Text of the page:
Reporting guideline for priority setting of health research (REPRISE)

Allison Tong, Anneliese Synnot, Sally Crowe, Sophie Hill, Andrea Matus, Nicole Scholes-Robertson, Sandy Oliver, Katherine Cowan, Mona Nasser, Soumyadeep Bhaumik, Talia Gutman, Amanda Baumgart, Jonathan C. Craig

Research output: Contribution to journalArticlepeer-review

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Background: Research priority setting with stakeholders can help direct the limited resources for health research toward priority areas of need. Ensuring transparency of the priority setting process can strengthen legitimacy and credibility for influencing the research agenda. This study aims to develop a reporting guideline for priority setting of health research. Methods: We searched electronic databases and relevant websites for sources (frameworks, guidelines, or models for conducting, appraising, reporting or evaluating health research priority setting, and reviews (including systematic reviews)), and primary studies of research priority setting to July 2019. We inductively developed a list of reporting items and piloted the preliminary guideline with a diverse range of 30 priority setting studies from the records retrieved. Results: From 21,556 records, we included 26 sources for the candidate REPRISE framework and 455 primary research studies. The REporting guideline for PRIority SEtting of health research (REPRISE) has 31 reporting items that cover 10 domains: Context and scope, governance and team, framework for priority setting, stakeholders/participants, identification and collection of priorities, prioritization of research topics, output, evaluation and feedback, translation and implementation, and funding and conflict of interest. Each reporting item includes a descriptor and examples. Conclusions: The REPRISE guideline can facilitate comprehensive reporting of studies of research priority setting. Improved transparency in research priority setting may strengthen the acceptability and implementation of the research priorities identified, so that efforts and funding are invested in generating evidence that is of importance to all stakeholders.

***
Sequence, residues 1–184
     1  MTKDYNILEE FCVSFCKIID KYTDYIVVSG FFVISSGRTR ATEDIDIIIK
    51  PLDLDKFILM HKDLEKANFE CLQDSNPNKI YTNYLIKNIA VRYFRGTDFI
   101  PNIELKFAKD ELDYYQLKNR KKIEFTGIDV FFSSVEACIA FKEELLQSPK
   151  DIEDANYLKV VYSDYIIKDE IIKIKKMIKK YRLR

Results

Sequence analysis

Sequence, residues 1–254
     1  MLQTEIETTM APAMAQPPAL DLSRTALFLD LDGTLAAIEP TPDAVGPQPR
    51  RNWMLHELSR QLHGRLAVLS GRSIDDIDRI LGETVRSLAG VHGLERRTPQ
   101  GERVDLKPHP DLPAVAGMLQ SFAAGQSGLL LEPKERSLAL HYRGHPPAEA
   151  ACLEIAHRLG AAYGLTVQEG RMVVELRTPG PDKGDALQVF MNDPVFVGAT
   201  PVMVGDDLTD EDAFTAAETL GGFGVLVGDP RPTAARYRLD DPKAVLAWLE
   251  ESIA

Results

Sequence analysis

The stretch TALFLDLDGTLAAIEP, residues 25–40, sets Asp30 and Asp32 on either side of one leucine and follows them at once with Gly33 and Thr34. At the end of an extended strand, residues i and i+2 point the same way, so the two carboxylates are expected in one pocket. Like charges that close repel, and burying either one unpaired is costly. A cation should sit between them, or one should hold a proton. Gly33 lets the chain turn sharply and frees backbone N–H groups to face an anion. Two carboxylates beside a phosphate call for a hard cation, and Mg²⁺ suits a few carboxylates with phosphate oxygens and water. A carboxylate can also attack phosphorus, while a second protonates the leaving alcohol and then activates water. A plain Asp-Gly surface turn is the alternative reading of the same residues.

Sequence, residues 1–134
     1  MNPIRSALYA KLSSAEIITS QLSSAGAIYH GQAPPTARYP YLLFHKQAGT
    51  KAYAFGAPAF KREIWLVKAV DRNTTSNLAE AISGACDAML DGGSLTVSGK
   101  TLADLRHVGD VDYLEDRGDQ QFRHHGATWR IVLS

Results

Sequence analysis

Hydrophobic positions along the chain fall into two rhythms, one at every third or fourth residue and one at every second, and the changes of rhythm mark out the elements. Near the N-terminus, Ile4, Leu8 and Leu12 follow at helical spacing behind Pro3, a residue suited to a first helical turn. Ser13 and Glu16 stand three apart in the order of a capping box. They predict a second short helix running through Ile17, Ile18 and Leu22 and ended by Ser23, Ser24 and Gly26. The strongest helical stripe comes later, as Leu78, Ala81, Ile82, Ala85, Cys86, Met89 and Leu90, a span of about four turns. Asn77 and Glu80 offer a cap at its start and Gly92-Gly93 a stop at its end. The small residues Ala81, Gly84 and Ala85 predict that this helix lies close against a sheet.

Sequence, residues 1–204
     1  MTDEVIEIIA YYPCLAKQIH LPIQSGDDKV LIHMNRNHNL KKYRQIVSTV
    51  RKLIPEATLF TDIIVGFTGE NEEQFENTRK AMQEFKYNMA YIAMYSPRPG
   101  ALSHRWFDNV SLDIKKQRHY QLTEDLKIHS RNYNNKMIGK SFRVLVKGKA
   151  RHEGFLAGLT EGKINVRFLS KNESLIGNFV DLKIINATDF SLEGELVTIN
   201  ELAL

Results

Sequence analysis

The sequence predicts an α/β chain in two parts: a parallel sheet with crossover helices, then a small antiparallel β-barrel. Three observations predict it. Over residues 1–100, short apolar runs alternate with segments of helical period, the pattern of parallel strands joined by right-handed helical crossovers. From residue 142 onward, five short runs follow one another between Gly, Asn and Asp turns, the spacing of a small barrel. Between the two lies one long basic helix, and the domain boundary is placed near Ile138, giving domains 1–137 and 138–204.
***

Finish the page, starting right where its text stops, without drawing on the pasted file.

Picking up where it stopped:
Original languageEnglish
Article number243
Number of pages11
JournalBMC Medical Research Methodology
Publication statusPublished - 28 Dec 2019

Bibliographical note

© The Author(s). 2019 Open Access This article is distributed under the terms of the Creative Commons Attribution 4.0 International License (, which permits unrestricted use, distribution, and reproduction in any medium, provided you give appropriate credit to the original author(s) and the source, provide a link to the Creative Commons license, and indicate if changes were made. The Creative Commons Public Domain Dedication waiver( applies to the data made available in this article, unless otherwise stated


  • Patient involvement
  • Priority-setting
  • Reporting
  • Transparency


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